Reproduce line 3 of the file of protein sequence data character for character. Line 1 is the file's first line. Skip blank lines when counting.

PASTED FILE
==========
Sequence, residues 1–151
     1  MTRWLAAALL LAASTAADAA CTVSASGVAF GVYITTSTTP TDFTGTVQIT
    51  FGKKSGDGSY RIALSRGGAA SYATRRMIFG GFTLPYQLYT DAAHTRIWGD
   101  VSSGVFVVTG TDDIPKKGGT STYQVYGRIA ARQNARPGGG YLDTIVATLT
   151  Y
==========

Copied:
    51  FGKKSGDGSY RIALSRGGAA SYATRRMIFG GFTLPYQLYT DAAHTRIWGD